Jupiter IRBM Basing Strategy

The United States began negotiations to deploy Jupiter missiles abroad in the spring of 1958. The discussions were complex and time consuming because deploying the missiles on foreign soil involved the delicate issues of national sovereignty, as well as more mundane matters such as training, technology transfer, maintenance, and who would foot the bill.

The United States and Italy concluded an arrangement to base Jupiters in that Mediterranean nation in March 1958 and Italian crews began training in the United States in May 1959. All of the technical details were resolved in a supplemental agreement signed the following August, and in October 1960 the Italian Air Force crews completed their training in the United States. Under the terms of the basing agreement, the missiles would be operated by Italian Air Force crews but the warheads would remain under American control.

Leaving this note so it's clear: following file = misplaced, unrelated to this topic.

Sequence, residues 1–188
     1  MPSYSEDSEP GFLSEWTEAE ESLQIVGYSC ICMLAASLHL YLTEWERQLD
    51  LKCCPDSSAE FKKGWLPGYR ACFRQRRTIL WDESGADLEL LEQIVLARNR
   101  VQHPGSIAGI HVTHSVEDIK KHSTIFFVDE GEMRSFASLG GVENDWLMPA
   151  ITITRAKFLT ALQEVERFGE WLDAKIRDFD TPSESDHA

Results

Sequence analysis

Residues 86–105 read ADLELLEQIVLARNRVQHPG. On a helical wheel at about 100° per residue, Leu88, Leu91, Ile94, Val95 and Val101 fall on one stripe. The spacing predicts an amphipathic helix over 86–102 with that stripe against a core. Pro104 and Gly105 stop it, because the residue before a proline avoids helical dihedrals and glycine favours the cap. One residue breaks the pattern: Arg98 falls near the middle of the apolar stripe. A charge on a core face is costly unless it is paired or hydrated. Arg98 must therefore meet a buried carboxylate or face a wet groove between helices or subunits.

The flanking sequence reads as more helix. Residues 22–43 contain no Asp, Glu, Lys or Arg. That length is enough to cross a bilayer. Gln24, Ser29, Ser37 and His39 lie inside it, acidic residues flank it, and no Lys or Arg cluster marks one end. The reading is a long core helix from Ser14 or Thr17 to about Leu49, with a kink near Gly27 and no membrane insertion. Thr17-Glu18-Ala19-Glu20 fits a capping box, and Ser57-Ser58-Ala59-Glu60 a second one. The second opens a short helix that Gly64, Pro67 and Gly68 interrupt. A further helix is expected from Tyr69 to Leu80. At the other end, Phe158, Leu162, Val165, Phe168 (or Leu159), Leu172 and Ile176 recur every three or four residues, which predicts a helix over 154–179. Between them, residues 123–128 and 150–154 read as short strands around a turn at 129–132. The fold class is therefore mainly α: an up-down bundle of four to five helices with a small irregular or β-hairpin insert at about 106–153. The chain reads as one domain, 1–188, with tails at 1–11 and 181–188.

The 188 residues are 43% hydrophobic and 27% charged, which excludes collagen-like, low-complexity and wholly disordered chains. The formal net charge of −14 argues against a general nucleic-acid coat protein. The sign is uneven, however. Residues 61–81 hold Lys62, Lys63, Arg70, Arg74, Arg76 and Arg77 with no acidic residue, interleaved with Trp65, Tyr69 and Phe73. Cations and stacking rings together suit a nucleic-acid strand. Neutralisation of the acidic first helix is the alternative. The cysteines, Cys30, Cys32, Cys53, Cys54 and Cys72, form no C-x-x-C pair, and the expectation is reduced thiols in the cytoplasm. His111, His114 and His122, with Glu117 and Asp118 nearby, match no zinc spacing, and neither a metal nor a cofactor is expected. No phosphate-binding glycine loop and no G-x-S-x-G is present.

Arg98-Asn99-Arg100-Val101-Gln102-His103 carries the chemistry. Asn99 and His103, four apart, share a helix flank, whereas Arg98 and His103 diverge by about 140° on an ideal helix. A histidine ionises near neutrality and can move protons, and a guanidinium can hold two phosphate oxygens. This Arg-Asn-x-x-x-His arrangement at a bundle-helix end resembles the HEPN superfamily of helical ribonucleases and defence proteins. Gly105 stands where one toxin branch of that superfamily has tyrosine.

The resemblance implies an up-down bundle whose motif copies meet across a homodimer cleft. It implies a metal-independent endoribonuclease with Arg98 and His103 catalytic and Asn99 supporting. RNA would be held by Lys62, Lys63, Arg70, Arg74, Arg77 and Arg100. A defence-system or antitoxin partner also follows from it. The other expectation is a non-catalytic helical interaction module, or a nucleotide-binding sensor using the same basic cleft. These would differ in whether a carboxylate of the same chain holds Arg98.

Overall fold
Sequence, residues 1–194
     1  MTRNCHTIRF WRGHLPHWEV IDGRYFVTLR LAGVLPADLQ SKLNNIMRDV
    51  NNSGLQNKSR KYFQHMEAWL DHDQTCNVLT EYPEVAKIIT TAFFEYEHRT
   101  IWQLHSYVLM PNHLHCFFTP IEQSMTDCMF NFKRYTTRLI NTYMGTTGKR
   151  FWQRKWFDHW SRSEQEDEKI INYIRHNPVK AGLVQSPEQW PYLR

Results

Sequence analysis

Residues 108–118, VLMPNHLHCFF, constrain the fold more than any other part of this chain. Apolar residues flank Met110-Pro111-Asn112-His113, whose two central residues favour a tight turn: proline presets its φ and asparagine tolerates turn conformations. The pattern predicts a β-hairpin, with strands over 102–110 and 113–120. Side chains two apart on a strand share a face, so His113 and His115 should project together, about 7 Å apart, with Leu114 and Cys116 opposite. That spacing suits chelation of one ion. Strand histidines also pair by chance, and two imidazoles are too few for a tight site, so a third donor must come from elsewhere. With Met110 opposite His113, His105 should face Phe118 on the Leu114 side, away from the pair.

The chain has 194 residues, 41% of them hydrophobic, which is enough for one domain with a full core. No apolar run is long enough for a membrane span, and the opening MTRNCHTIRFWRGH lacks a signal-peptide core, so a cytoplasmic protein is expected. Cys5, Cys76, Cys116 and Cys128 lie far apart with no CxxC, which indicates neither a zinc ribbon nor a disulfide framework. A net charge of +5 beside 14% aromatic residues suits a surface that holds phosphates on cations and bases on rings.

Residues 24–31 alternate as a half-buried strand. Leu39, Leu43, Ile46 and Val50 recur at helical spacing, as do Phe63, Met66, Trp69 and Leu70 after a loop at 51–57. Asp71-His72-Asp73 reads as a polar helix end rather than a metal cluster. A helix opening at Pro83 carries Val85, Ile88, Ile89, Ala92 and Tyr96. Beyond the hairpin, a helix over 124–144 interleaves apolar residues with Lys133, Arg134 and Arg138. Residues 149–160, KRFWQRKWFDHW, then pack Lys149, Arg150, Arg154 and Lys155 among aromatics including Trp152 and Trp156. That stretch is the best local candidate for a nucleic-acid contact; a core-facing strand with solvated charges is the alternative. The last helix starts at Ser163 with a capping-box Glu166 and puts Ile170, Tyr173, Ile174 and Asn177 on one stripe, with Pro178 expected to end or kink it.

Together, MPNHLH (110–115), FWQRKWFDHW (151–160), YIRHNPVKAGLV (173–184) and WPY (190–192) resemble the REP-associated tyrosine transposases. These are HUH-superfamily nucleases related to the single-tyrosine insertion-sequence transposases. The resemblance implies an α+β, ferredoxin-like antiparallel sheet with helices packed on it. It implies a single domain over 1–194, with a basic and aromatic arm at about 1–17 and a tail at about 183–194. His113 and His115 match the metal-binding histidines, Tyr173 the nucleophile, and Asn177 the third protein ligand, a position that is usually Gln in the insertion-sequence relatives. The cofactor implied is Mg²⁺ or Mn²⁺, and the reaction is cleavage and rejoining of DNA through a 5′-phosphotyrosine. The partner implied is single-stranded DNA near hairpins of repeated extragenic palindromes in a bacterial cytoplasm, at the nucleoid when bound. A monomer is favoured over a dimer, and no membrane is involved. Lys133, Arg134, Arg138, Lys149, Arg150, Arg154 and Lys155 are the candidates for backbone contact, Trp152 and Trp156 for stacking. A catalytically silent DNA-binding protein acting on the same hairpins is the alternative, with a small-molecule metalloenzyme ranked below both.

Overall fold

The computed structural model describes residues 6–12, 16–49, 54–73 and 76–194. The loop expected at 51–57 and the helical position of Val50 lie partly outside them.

Negotiations to deploy Jupiter missiles in Turkey took slightly longer. The two governments reached an understanding in October 1959, and in May 1960 a technical agreement cleared up the remaining questions. To hasten the deployment process, the Turkish government agreed that at the outset, the missiles would be manned by United States Air Force personnel. The United States would, however, train Turkish crews to operate the missiles and would eventually relinquish control of the site to the host nation. By April 1962 the Air Force declared its Jupiter at Cigli Air Base, Turkey, operational.

NATO I2Gioia Dell Colle, Italy1960-1963
NATO II1Cigli AB, Turkey1962-1963